NVIDIA’s DGX Cloud infrastructure, which lets organizations lease space on supercomputing hardware suitable for training generative AI models, is now generally available. First announced in March, the $36,999 per instance per month service is in competition with NVIDIA’s own $200,000 DGX server. It runs on Oracle Cloud infrastructure and on NVIDIA hardware located in the US and the United Kingdom.
- What does NVIDIA DGX Cloud do?
- What makes the NVIDIA DGX Cloud for AI platform work?
- How access to AI computing is changing
What does NVIDIA DGX Cloud do?
DGX Cloud is a remote-access version of NVIDIA’s hardware, including the thousands of NVIDIA GPUs online on Oracle Cloud Infrastructure.
The DGX AI system is the hardware that ChatGPT trained on in the first place, so NVIDIA has the right pedigree for organizations that want to spin up their own generative AI models. When training ChatGPT, Microsoft linked together tens of thousands of NVIDIA’s A100 graphics chips to get the power it needed; now, NVIDIA wants to make the process much easier — essentially, providing AI training as a service.
Pharmaceutical companies, manufacturers and finance institutions using natural language processing and AI chatbots are among DGX Cloud’s existing customers, NVIDIA said.
Organizations interested in DGX Cloud can apply to sign up.
SEE: ChatGPT is now available as an Android app (TechRepublic).
What makes the NVIDIA DGX Cloud for AI platform work?
Key to the success of the DGX Cloud for AI platform is a high-performance, low-latency fabric that allows workloads to scale across clusters of interconnected systems, enabling multiple instances to perform as if they were all part of one GPU.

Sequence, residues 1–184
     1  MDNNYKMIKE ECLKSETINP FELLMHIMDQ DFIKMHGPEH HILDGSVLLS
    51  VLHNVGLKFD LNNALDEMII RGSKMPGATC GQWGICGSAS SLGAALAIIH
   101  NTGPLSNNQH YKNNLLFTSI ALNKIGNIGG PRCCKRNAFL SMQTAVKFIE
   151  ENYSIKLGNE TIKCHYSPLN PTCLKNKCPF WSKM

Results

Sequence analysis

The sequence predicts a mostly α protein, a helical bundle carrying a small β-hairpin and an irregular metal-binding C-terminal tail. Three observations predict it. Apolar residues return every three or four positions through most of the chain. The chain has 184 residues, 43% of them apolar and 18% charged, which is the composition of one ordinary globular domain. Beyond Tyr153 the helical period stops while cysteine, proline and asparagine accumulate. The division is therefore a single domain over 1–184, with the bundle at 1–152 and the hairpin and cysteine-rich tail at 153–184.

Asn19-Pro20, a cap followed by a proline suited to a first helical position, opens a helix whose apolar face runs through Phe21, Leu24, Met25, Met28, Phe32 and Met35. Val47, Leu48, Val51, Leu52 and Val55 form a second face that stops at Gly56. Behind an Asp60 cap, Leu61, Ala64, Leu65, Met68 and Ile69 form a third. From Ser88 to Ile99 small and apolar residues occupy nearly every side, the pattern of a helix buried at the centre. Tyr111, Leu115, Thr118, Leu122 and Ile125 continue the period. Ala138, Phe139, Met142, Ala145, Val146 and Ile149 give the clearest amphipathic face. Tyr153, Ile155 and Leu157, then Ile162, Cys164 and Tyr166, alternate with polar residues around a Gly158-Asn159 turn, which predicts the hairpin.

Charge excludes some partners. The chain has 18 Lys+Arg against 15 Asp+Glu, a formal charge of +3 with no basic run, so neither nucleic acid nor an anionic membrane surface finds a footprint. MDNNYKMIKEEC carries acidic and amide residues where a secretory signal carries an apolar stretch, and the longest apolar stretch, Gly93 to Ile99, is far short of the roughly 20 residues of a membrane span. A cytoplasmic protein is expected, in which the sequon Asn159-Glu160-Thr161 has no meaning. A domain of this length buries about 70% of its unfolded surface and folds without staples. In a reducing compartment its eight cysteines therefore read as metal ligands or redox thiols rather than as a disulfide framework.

The subscription price of $36,999 per instance per month allows an organization to rent space on eight NVIDIA 80GB Tensor Core GPUs for 640GB of GPU memory per node — the supercomputer array — all accessible in a web browser. Customers can manage and monitor the training workloads through the NVIDIA Base Command Platform software dashboard.
“The DGX Cloud user interface (NVIDIA Base Command Platform) lets enterprises rapidly execute and manage model development without having to worry about the underlying infrastructure,” Tony Paikeday, senior director, DGX Platforms at NVIDIA, noted in an email to TechRepublic.
From there, organizations can use NVIDIA AI Enterprise, the software portion of the platform. It provides a library of over 100 end-to-end AI frameworks and pre-trained models, making the development and deployment of production AI relatively straightforward.
Paikeday pointed out that customers already using DGX Cloud have typically chosen it because traditional computing doesn’t provide as many dedicated resources.
Customers want “computational scale and network fabric interconnect that lets them parallelize these very large workloads over many co-resident compute instances operating as a single massive supercomputer,” he said.
How access to AI computing is changing
As generative AI becomes more common, organizations are responding to the demand for changes in the way AI is used, from a publicly trained powerhouse like GPT-4 to private instances in which organizations can use their own data and develop their own proprietary use cases. Access to the heavy-duty computing power needed will change accordingly.
“The availability of NVIDIA DGX Cloud provides a new pool of AI supercomputing resources, with nearly instantaneous access,” said Pat Moorhead, chief analyst at Moor Insights & Strategy, in a press release from NVIDIA.
“Generative AI has made the rapid adoption of AI a business imperative for leading companies in every industry, driving many enterprises to seek more accelerated computing infrastructure,” he said.
“We are at the iPhone moment of AI. Startups are racing to build disruptive products and business models, and incumbents are looking to respond,” said Jensen Huang, founder and CEO of NVIDIA, at the time of the original announcement in March. “DGX Cloud gives customers instant access to NVIDIA AI supercomputing in global-scale clouds.”